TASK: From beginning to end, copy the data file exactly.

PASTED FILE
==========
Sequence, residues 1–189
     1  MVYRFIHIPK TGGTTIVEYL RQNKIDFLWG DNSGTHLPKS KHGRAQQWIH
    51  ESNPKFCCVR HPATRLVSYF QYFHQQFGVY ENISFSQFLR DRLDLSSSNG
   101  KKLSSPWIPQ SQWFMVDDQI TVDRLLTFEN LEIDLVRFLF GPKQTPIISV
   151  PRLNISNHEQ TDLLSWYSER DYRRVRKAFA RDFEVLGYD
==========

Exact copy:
Sequence, residues 1–189
     1  MVYRFIHIPK TGGTTIVEYL RQNKIDFLWG DNSGTHLPKS KHGRAQQWIH
    51  ESNPKFCCVR HPATRLVSYF QYFHQQFGVY ENISFSQFLR DRLDLSSSNG
   101  KKLSSPWIPQ SQWFMVDDQI TVDRLLTFEN LEIDLVRFLF GPKQTPIISV
   151  PRLNISNHEQ TDLLSWYSER DYRRVRKAFA RDFEVLGYD